“Covid has absolutely exposed the fragility of the current globalised economy and globalised food systems”
Prof. Leach continues: “I think what we’ve also seen during the response in many countries and many localities is the seeds of some more resilient and equitable ways of organising things, which really come down to economies that operate on much more localised and inclusive principles. And I think what we’re seeing is these might be more resilient to shocks. They’re providing some resilience to Covid-19 but may also be important to future shocks that are going to come about through the effects of climate change, as well as future pandemics, and provide perhaps a way in to thinking about transformations that are much needed anyway.”
US-based author and food campaigner Professor Marion Nestle shares this sentiment. “If this does any good at all, it will be to show the value of more local and regional food systems and not being dependent on a food system that is set up as ours is with large corporations centralising production facilities, so that if something goes wrong in one of those facilities, the whole thing falls. If decentralisation is an outcome of this that will be a very good thing.”
Regionalisation and resilience
Professor Olivier De Schutter, UN Special Rapporteur on extreme poverty and human rights and co-chair of the International Panel of Experts on Sustainable Food Systems (IPES-Food), points out in recent lockdowns these types of localised networks actually proved less resilient than mass production and distribution, though that doesn’t mean that resilience could not be built into them in the future.
“In many countries under lockdown, direct farmer-to-consumer systems have been obstructed,” says Prof. De Schutter. “Farmers’ markets were closed, the closure of schools and restaurants meant that local farmers supplying them ran out of business. In contrast, supermarkets and commercial outlets are doing well under the crisis.”
De Schutter continues: “We’ve seen a significant increase in the demand for community-supported agriculture (CSA), since people are realising how fragile the mainstream food system is – since it depends on the robustness of heavy logistics over large distances and involving a large number of actors, on the fluidity of traffic, and on farms’ availability of cheap workforce in the form of migrant seasonal workers. I am confident that the latter development will have lasting impacts. People have expressed a strong trust in local farmers, and many policymakers have called for improving the degree of self-sufficiency in food production.”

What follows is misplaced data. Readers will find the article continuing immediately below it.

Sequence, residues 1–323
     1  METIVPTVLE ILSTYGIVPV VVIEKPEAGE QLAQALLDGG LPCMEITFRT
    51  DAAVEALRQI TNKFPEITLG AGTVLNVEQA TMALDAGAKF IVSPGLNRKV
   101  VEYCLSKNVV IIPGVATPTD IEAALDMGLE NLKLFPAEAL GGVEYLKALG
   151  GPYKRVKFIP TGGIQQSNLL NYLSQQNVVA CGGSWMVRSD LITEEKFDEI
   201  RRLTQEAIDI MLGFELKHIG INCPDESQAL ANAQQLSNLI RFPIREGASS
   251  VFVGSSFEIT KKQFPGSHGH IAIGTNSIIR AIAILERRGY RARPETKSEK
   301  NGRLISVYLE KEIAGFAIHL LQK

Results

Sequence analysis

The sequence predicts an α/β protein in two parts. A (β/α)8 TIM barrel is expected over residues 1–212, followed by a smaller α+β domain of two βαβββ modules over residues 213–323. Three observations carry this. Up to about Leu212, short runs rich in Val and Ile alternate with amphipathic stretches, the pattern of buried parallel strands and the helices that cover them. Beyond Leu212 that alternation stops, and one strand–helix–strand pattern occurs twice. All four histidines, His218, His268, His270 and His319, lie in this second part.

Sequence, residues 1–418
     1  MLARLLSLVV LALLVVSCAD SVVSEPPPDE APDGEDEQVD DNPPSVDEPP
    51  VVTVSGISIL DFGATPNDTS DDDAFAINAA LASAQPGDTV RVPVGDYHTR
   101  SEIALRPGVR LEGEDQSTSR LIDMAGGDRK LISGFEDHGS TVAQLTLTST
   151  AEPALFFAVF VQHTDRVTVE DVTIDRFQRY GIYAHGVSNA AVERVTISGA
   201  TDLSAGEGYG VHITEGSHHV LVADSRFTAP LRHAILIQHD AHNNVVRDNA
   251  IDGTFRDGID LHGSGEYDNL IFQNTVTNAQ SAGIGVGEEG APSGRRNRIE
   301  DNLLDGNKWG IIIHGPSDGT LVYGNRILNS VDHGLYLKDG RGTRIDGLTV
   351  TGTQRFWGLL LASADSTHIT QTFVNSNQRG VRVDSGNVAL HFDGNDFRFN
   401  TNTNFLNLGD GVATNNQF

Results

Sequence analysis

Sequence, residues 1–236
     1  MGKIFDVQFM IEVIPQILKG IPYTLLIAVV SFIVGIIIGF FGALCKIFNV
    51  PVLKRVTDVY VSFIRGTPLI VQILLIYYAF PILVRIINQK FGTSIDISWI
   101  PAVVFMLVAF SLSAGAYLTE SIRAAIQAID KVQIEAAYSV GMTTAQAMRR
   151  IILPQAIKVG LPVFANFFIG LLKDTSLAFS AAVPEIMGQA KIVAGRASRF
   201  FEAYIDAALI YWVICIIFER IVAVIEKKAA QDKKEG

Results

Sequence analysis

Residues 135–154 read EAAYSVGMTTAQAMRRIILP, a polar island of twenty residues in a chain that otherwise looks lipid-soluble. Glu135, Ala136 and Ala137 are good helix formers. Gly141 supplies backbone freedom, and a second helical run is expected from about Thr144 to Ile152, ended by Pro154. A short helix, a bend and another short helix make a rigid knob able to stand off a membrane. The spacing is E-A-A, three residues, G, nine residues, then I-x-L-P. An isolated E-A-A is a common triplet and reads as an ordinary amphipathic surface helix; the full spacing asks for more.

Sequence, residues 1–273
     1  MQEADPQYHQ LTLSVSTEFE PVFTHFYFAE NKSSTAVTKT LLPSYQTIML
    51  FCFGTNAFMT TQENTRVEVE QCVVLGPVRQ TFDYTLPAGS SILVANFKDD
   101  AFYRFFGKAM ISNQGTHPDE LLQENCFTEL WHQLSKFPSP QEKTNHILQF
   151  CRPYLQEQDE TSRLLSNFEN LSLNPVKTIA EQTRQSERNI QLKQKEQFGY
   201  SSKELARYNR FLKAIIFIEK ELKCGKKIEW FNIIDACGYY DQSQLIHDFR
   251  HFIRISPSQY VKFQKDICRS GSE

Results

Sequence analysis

Mondelez’s Horrell says consumers are scrutinising the resilience of the food system far more than before the pandemic. “It’s certainly true to say that a lot of people recognise that the system is vulnerable, and I’m talking here about the system as a whole. People are thinking about concepts like resilience more and we’ll see where consumers go but people are certainly relating to food differently.”
“The technologies to watch are anything that shortens supply chains”
Major food corporations, meanwhile, are themselves evaluating the resilience of global supply chains and just-in-time logistics. Filott and other experts stress a degree of restructuring of supply chains in favour of regional production centres, and moving primary production closer to the market, was already ongoing. The pandemic has arguably placed these ideas in sharper relief but Filott nonetheless expects this to be a “gradual evolution”, with the recession a more immediate concern.
Dr Evan Fraser, director of the Arrell Food Institute, University of Guelph in Canada, believes the pandemic will accelerate thinking and planning in relation to technologies that may shorten supply chains, or simplify them. “I think many of the trends we were already starting to see will accelerate in this regard. We’re talking about supply chain management and production practices. I think the technologies to watch are anything that shortens supply chains. Everything from vertical farming to cellular agriculture will be scrutinised with much greater interest now than two months ago.” Dr Fraser sees digitisation, notably to improve traceability, and automation becoming even more important trends in supply chain management in the wake of the pandemic.
If viewed largely in terms of water and carbon footprint, this restructuring may well boast strong “sustainability benefits”, Dr. Fraser adds. However, he sees this being accompanied by greater intensification in agriculture, with graver implications for issues such as biodiversity and habitat loss. It will also, he warns, probably entail “a wrenching transition to the developing world” and to the most marginalised and poorest participants in the food system as it stands today.
Just as with some of the more optimistic forecasts around consumer awareness, this may not, or need not, be part of the Covid-19 legacy. As so many of the predictions for life after Covid-19 speak to new beginnings, addressing issues and righting inequalities that had hitherto been seen as too challenging, avoiding such unintended negative consequences of renewal must surely be paramount.